13 February 2012


Intersentia has recently published Aalt Willem Heringa and Bram Akkermans (eds), Educating European Lawyers (2011). The description reads:

The continuing and accelerating process of European integration impacts on European legal education, or ought to have its impact on our ideas about legal education in Europe. Although legal education in Europe is mainly national and usually conducted in the national language, there are initiatives that seek to break through the national barriers and move towards a truly European legal education. The Maastricht European Law School, which focuses on European Union law, international law and comparative law, fully taught in English, is one of these initiatives. In this edited volume we have endeavoured to reflect upon European Legal education in the light of that program, which has been on offer for a couple of years now and which attracts a great deal of students from all over Europe and the world as well, and to offer to interested readers ways forward as well as obstacles and points to ponder.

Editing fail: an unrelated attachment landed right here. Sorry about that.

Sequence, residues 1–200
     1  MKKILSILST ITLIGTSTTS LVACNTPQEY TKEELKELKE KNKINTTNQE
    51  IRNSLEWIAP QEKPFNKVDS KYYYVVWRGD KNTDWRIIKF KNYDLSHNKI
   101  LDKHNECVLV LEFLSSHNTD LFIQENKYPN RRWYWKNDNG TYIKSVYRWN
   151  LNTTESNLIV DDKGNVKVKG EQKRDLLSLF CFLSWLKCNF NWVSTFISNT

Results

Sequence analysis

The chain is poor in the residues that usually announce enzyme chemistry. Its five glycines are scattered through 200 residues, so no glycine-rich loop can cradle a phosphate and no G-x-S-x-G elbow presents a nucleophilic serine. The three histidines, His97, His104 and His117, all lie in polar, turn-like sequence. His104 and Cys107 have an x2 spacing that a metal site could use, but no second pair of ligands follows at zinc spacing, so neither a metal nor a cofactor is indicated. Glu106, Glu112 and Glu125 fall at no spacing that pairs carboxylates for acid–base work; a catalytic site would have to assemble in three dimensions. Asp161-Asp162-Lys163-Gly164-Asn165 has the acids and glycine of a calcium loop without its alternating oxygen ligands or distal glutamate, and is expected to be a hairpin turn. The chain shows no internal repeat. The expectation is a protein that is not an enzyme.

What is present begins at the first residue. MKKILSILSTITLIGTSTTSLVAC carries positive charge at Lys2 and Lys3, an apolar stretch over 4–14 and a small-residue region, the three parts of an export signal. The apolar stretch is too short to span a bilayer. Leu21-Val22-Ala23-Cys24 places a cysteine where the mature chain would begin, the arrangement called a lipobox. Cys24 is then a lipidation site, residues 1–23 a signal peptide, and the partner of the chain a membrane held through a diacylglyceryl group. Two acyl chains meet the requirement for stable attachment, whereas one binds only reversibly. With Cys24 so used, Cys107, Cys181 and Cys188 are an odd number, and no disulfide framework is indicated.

This books pays attention to the developments in European law and the effects these have on legal education in general as well as in other fields. Drawing from their own experiences, the authors describe the current state of law, offer perspectives on future developments and explain how they translate these developments in the law school curriculum. All the contributions in this book have in common that each author seeks to better prepare students for a future in a more integrated Europe.

It is our purpose to generate a European debate about the subject and to move the European discussion forward to concrete steps to effectively establish European legal education for new generations of lawyers that will work in an increasingly Europeanised legal domain.

The contents are here.

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